By: Joan E. Battey

Most things built slowly and in different places, rarely register or are even seen by most people today. We're still a society for the most part focused on what is closest in view of individuals at any given time. We, even more today than in earlier times, assume that those in charge of anything, or everything, focus on their responsibilities in the same way.

But, things have a way of changing, even as they appear to be the same. Local decisions of all kinds are still made and approved or disapproved based on what is seen closest at hand. But, steadily, over decades, local decisions are not as local as they seem.

Local votes are based on opinions of local voters and taxpayers. Their opinions are usually arrived at by what they see and know strictly from a local awareness. When it's something they can see firsthand, it gets a little more attention to details. If it's something that is local, but involved with larger area departments or oversight, all the way to the state and national level, those votes are hard to understand and arrive at. However, the outcomes are often later not quite what voters thought they would be. And, the outcomes come at the same time that many other areas are having similar impacts from the decisions.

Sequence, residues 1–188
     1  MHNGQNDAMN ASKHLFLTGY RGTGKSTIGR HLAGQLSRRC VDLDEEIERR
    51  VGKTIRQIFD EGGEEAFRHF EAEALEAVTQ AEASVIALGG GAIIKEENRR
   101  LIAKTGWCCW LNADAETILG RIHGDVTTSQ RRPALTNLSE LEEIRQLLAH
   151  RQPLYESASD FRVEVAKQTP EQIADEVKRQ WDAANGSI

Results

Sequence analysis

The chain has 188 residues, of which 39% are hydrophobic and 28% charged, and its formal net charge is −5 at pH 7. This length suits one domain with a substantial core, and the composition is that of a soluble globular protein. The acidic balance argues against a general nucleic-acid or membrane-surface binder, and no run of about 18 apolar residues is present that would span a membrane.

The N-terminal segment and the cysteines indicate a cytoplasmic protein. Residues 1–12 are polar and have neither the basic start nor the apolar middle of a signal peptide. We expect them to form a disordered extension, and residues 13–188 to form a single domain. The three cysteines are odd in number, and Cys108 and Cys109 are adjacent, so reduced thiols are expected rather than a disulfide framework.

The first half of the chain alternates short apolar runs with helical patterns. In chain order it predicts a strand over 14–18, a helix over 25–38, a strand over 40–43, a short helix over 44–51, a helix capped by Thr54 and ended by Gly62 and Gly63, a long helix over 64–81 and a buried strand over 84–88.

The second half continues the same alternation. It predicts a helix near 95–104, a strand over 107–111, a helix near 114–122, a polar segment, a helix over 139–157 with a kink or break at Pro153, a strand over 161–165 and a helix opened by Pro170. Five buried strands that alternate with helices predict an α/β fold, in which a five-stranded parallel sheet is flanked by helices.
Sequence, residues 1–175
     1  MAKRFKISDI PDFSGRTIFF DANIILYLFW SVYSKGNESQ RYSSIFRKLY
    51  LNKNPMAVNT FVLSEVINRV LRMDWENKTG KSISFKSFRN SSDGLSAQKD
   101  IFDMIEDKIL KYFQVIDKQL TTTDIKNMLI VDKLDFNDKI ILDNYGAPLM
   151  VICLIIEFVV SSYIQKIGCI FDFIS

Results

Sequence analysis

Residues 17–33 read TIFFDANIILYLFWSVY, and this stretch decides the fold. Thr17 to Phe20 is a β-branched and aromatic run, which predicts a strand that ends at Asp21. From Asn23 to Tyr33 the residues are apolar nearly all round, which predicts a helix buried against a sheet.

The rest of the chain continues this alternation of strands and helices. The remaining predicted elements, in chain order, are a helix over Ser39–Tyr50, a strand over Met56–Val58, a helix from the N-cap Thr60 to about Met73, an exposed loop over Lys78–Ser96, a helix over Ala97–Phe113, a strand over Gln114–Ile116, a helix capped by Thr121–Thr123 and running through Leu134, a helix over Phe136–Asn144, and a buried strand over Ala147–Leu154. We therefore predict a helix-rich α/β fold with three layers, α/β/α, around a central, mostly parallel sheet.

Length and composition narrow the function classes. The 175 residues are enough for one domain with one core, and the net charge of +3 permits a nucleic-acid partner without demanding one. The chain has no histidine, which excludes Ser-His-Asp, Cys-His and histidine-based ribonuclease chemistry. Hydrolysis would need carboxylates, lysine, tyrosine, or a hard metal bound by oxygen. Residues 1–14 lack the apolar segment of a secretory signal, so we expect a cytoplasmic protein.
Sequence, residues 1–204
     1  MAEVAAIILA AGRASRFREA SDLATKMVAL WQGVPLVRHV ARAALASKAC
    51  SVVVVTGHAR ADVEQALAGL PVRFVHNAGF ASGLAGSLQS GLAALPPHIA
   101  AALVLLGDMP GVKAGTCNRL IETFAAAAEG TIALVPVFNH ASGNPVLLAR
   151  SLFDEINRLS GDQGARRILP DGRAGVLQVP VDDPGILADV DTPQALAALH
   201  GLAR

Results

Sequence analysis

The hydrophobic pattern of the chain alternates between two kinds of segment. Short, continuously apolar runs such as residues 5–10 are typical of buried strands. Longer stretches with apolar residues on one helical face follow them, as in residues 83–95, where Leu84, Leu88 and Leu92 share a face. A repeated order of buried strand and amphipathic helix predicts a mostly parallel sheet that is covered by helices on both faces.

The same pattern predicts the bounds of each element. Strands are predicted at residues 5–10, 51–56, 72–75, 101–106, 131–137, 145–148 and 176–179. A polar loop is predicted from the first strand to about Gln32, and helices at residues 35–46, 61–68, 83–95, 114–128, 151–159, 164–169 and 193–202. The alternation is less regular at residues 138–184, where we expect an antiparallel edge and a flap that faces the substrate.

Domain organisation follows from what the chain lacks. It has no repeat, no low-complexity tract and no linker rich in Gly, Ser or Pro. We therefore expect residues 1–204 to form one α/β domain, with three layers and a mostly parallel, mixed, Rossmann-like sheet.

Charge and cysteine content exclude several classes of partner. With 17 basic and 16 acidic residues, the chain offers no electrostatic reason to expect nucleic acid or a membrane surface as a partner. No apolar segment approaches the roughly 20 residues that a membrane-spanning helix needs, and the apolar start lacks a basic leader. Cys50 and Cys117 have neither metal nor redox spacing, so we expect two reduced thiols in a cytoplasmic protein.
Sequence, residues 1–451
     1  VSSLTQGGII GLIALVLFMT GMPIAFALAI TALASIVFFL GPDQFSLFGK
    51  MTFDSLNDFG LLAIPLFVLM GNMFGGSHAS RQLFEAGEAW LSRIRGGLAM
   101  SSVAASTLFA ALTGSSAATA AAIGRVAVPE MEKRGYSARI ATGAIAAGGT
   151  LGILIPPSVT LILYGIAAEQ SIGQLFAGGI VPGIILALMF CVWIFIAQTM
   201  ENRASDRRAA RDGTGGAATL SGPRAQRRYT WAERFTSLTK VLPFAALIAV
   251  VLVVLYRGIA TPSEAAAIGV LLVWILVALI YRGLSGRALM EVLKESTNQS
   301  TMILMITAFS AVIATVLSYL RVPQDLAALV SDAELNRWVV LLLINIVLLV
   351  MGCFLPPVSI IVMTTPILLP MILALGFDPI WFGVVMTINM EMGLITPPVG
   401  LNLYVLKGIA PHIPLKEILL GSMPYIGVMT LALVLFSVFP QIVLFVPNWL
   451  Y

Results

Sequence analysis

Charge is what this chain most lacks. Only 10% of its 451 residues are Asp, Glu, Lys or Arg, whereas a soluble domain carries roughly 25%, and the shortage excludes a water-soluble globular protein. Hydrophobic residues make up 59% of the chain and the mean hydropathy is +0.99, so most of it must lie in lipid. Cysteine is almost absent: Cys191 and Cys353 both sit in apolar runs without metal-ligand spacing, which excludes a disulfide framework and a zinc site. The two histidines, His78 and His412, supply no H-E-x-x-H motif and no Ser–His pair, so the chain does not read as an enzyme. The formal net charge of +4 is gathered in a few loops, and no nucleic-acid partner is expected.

Especially in the way of projects that depend on funding to be aided by "aid" from higher authorities.

What is often lost in the confusion and complexity of voting is that many other communities are simultaneously depending on "aid" from higher authorities, which is provided thanks to all communities providing help for whatever is needed anywhere.

That aid is better explained as taxes and assessments imposed by higher authorities, to distribute to places that don't have enough money to pay for their own projects. That includes places needing and getting help to pay for what they can't pay for themselves. And, for the salaries of those who handle the requesting, awarding and oversight of the distribution and oversight of the projects that places can't finance themselves.

Welcome to the merry-go-round that may "run down" without closer attention to maintenance demands.

"Published originally at EtherZone.com : republication allowed with this notice and hyperlink intact."

Joan E. Battey is a freelance political writer from Apalachin, NY. Her love of logical dot connecting and writing developed over many years of  typesetting and proof reading in small daily newspapers; ad agency and manufacturing office secretarial work, and volunteer work in libraries, animal welfare, political campaigns, and networks of people keeping abreast of the steady "reforms" in education. She is a regular columnist for Ether Zone.

Joan E. Battey can be reached at: jedithb@stny.rr.com

Published in the April 15, 2013 issue of  Ether Zone.
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